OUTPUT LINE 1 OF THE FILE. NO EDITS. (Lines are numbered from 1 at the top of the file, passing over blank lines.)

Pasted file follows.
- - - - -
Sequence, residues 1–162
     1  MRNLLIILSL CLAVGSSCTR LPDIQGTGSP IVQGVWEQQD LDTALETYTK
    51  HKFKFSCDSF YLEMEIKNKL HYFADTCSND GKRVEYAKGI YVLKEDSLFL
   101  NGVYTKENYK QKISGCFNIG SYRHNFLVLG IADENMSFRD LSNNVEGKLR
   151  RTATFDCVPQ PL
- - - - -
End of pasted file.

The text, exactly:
Sequence, residues 1–162